skip to Main Content

An Interview with Compatriot Senator Charles E Grassley of the Iowa Society

An Interview with Compatriot Senator Charles E Grassley of the Iowa Society

By Timothy R Bennett, Chairman and Andrew M Johnson, Recorder
Congressional and Governmental Relations Committee

The Congressional and Government Relations Committee met with Senator Charles E Grassley of Iowa on 22 Sep 05 at the Hart Senate Office Building. Chairman (and Registrar General). Tim Bennett was accompanied by Mr. George A Stickels and COL Andrew M Johnson, committee recorder.

Senator Grassley has held his Senate seat since 1980 and has served on many committees including Agriculture, Judiciary and Budget. He ranks 17th in seniority in the US Senate and is currently serving as the Chairman of the Senate Finance Committee. The Senator has been a long time member of the SAR.

Senator, How did you get interested in politics?

“Mother and Dad always talked about history and politics at the dinner table.” They were strong on good citizenship and were very interested in history and politics. I was taught to be active in civic affairs and to have a political opinion on most matters. People told me that all politicians were crooks and asked why I would want to be one. I knew that was not the case and that public service was the right thing to do. “My political career wasn’t planned. It just kind of evolved.” I was politically active in high school, spent 16 years in the Iowa legislature, from there to the US House of Representatives and then to the US Senate.

Your position as chairman of tlze Senate Finance Committee makes you a key player in the President’s plan to reform the Social Security System. Do you think that the kind of reform proposed by the President can be passed by this congress?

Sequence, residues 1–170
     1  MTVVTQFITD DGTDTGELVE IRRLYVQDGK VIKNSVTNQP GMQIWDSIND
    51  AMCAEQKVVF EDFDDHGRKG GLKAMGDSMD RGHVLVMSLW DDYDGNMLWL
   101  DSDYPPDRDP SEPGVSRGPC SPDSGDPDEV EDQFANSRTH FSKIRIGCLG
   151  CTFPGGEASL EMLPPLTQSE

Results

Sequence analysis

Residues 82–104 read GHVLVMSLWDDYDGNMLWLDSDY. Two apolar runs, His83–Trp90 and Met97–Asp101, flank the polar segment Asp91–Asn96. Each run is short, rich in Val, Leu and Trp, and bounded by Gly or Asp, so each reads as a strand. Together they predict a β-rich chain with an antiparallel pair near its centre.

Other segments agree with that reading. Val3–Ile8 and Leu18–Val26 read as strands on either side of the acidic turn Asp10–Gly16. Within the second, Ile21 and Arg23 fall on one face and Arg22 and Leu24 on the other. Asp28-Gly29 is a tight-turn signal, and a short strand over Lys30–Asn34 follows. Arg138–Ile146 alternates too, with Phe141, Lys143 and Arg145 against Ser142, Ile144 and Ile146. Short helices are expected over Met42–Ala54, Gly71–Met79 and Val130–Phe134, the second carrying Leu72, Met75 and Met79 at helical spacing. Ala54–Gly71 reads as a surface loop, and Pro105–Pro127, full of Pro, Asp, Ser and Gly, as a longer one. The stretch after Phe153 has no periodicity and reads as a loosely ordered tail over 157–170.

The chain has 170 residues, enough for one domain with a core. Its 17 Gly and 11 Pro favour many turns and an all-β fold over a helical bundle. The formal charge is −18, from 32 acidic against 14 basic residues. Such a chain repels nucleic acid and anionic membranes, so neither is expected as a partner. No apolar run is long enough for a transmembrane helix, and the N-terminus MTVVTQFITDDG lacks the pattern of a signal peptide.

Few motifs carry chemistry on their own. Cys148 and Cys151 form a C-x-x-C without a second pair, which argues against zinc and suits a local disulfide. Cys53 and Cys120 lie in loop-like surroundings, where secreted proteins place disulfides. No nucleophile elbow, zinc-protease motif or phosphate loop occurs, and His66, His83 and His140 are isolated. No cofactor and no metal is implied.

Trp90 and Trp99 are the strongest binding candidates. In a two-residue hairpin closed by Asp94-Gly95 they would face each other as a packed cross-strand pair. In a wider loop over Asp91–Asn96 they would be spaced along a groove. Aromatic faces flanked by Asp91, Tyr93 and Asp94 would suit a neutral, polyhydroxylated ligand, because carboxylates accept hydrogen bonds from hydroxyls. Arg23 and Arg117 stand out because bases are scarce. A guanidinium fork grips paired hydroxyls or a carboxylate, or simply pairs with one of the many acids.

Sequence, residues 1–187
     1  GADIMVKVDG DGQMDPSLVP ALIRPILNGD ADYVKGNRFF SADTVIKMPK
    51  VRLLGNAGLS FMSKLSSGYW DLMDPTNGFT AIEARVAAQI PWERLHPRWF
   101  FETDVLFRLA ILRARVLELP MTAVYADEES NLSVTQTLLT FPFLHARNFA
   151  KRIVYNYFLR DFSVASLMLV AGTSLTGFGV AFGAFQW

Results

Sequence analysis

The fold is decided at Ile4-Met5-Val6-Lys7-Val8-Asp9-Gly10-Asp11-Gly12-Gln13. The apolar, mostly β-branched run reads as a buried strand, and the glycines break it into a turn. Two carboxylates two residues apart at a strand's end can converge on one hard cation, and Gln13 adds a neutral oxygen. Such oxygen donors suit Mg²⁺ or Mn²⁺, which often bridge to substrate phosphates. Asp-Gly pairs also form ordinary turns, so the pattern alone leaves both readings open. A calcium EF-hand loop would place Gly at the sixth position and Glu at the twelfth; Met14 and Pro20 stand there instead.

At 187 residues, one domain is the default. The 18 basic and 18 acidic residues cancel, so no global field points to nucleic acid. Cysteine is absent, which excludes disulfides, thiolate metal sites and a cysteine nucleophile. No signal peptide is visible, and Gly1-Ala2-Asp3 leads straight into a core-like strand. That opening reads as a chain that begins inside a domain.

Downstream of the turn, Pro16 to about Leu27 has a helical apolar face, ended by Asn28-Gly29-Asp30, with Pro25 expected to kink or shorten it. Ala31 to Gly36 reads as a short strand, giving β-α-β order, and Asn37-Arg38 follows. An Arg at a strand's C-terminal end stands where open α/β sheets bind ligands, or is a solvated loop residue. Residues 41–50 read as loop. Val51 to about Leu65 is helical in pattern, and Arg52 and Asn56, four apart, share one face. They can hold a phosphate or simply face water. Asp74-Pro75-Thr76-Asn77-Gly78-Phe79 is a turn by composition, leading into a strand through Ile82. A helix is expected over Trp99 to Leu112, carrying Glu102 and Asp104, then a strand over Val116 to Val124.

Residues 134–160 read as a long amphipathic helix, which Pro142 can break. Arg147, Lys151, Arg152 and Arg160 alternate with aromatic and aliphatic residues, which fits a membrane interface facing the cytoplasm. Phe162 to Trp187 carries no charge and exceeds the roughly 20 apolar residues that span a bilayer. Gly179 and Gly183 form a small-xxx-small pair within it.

“No, and I am sorry to say that.” Everyone knows that the Social Security system is in trouble and that it will reach a crisis point about 2015. There are mathematical solutions available and reason tells us that the longer the delay in making changes, the greater the bill will be. “If we do it today instead of tomorrow, it is $600 billion cheaper spread out over 75 years.” I don’t know why we can’t face this reality but the political will for reform is not there. When the crisis comes, then the Congress will act and the cost will be high.

Given the recent tragedy in the Gulf Coast area and the higher gas prices, do you think that the passing of the Energy Bill will really help alternative fuel development in this country and how?

“God only made so much fossil fuel and it is a finite quantity and it is running out.” We need to develop more home grown energy to make us less dependent on foreign oil and on the concentration of production in our gulf coast area. America is currently working hard to produce fuels from our renewable domestic grains production Ethanol type products play some supply role now and are significant in providing alternative domestically produced energy.

How did you get into the SAR and are members of your family in the SAR, DAR, or CAR?

My wife and two daughters are in the DAR. It was my brother’s widow, Marjorie Grassley of Boone, IA, who did the necessary research and application work to get me into the SAR. Anytime you really want to know more about me as an individual, she would be the right person to interview.